Summary: God enables us to press toward the goal of the prize of the upward call.
Some humorist once said, “Consider the postage stamp: its usefulness consists in the ability to stick to one thing till it gets there” (Josh Billings).
Luciano Pavarotti tells how when he was a boy, his father, a baker, introduced him to the wonders of song. “He urged me to work very hard to develop my voice…. A professional tenor in my hometown of Modena, Italy, took me as a pupil. I also enrolled in a teachers college. On graduating, I asked my father, ‘Shall I be a teacher and a singer?’ ‘Luciano,’ my father replied, ‘if you try to sit on two chairs, you will fall between them. For life, you must choose one chair.’ I chose one. It took seven years of study and frustration before I made my first professional appearance. It took another seven to reach the Metropolitan Opera. And now I think whether it’s laying bricks, writing a book—whatever we choose—we should give ourselves to it. Commitment, that’s the key. Choose one chair.”
I think Christians are sometimes suspicious of choosing one chair, as if God required us to be diluted in our focus and distracted by many interests. But the Apostle Paul was single-minded in his devotion: “one thing I do,” he wrote to his friends in Philippi, “one thing: I press on toward the goal for the prize of the upward call of God in Christ Jesus.” Paul then explains how the Philippians might also stay focused on the goal.
[Read Philippians 3.17-4.1. Pray.]
Many leadership books tell how Cortés began his conquest of the Aztec Empire and the colonization of the Americas for Spain. After landing at Vera Cruz in 1519 with a small force of seven hundred men, legend has it that he set fire to most of the fleet of eleven ships. As the men watched their only means of retreat sink to the bottom of the Gulf of Mexico, they realized there was now only one direction to move — forward into the Mexican interior to conquer whatever might come their way. They were prevented from turning back by Cortés’ decisive cutting off of any way of escape.
A wide variety of distractions threaten to steal our focus and turn us back from the goal to which we have been called. Fears, busyness, other interests, disappointments, besetting sins, conflicts. It is not even that everything which would divide our interests is bad. Once when Jesus was here he went to the home of two sisters for dinner. Martha busied herself preparing a meal, providing for her guests. But Mary set at Jesus’ feet and listened to his teaching. Frustrated, Martha complained: “Lord, do you not care that my sister has left me to serve alone? Tell her then to help me.” But Jesus answered: “Martha, Martha, you are anxious and troubled about many things, but one thing is necessary. Mary has chosen the good portion, which will not be taken away from her.” Serving guests is commendable, but when it distracts us from the one thing necessary, it is dangerous.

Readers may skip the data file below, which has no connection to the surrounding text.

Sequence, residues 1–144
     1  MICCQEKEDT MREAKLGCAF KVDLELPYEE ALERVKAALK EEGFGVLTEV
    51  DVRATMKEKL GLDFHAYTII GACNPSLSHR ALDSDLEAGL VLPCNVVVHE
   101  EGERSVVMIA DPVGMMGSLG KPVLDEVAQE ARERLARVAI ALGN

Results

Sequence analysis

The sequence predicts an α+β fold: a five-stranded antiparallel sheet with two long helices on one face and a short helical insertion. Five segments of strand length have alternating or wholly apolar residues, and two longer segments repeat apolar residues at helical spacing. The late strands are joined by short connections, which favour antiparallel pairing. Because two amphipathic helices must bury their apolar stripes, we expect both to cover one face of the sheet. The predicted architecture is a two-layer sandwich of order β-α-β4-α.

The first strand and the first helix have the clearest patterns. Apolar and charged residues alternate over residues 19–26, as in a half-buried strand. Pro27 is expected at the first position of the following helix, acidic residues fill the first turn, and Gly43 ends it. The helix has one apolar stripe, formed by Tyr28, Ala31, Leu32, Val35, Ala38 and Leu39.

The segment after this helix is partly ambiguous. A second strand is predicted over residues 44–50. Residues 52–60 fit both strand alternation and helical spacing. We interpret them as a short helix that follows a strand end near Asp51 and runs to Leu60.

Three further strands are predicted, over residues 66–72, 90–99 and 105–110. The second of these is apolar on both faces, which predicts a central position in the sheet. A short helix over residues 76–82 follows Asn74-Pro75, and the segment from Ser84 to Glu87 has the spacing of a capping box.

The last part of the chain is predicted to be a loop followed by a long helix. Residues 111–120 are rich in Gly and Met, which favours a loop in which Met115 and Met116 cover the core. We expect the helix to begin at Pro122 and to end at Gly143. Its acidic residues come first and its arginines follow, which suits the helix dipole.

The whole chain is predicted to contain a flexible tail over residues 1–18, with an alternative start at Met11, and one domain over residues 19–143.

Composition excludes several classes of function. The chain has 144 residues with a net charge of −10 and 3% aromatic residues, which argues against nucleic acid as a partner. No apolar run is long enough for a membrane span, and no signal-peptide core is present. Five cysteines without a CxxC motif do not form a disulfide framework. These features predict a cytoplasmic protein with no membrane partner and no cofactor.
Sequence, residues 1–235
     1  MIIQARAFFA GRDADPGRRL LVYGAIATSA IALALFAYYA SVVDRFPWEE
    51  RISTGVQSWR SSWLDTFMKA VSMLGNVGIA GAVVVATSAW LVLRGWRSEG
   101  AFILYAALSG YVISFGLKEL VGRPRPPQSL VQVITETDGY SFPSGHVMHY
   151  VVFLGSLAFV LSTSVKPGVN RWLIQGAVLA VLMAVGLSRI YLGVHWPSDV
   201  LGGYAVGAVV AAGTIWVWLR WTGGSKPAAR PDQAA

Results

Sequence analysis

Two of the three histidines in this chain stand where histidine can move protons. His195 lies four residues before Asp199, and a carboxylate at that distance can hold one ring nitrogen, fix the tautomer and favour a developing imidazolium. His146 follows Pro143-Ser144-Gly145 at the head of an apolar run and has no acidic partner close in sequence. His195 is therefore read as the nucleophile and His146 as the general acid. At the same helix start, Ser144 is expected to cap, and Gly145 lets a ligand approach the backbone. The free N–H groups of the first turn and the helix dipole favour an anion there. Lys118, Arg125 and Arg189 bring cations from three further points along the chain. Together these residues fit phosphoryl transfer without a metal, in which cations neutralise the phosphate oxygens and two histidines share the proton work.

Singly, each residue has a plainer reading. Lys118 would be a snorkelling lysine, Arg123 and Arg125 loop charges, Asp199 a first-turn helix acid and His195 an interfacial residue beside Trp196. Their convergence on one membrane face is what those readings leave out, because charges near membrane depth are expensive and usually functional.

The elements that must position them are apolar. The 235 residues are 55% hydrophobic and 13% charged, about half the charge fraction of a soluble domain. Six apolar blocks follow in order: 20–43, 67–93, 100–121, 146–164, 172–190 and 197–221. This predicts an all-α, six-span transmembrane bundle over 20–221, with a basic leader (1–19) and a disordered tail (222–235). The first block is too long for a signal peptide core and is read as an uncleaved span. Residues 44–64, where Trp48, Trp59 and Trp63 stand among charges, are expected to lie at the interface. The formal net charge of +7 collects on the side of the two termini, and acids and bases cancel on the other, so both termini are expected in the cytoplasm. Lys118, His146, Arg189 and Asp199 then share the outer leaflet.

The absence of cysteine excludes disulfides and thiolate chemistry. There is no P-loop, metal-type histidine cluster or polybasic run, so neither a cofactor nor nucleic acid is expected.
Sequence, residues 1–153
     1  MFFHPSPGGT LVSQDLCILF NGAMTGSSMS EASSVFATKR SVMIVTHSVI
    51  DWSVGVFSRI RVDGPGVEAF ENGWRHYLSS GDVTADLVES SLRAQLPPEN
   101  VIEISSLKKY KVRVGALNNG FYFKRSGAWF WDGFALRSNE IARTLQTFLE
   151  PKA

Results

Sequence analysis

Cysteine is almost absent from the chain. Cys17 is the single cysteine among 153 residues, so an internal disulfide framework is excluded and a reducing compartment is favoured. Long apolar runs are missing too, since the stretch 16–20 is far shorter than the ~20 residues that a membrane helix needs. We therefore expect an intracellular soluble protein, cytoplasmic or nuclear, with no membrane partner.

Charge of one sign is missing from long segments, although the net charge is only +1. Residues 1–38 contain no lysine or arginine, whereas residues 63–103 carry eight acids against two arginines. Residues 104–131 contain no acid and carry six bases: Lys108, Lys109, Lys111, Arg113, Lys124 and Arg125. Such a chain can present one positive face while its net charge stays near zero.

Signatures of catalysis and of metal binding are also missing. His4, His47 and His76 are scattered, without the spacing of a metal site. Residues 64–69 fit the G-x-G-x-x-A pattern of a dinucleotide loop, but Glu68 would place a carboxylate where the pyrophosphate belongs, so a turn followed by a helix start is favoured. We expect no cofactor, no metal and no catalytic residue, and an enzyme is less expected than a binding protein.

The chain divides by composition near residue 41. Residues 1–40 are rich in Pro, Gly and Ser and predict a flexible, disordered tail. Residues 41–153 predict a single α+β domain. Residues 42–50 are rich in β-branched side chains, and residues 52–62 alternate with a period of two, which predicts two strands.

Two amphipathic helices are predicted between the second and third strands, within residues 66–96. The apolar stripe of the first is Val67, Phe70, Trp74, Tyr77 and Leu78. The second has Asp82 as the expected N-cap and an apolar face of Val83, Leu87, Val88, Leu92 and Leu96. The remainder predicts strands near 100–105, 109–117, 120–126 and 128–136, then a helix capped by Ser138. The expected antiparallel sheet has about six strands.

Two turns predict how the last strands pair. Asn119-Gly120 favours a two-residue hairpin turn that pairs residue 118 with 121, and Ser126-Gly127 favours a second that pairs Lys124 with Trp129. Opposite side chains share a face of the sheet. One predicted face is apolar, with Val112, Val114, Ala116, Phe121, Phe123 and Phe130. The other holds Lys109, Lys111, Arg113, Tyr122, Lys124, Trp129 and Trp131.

Another time Jesus warned that “No one who puts his hand to the plow and looks back is fit for the kingdom of God” (Luke 9.62). Cortés was not much interested in God’s Kingdom, but he did realize the temptation to look back, so he burned the fleet. How do we burn our fleet of distractions so that we give undivided devotion to the Lord?
Last week we studied verses 12-16 and learned six principles for remaining in the race.
First, we found reason to press on in our imperfections: even the Apostle had not arrived, and that motivated him to pursue Christ like a runner stretching toward the finish line.
Second, we found confidence to press on in Christ’s purposes for us: those purchased by the blood of Jesus continue to press forward, regardless of the cost, without becoming self-reliant legalists, because Christ works his grace in our lives.
Third, we found strength to press on by focused, future-oriented, determination. Memories of past success can make us smug and self-satisfied, while memories of past failures make us hopeless and lethargic in our pursuit of God. So we look back only for the sake of moving forward.
Fourth, we found encouragement to press on from the heavenly prize. True believers realize that “the sufferings of the present time are not worth comparing to the glory that is to be revealed in us” (Romans 8.18).
Fifth, we found the will to press on in God’s resources: even when we lack faith to walk by the Spirit, as we continue to seek God, he enables progress in the faith.
Sixth, we found the need to press on in the danger of decline. Sinful people in a fallen world do not race on firm ground, but against a “moving sidewalk.” When we stop running for the prize, we are propelled backward.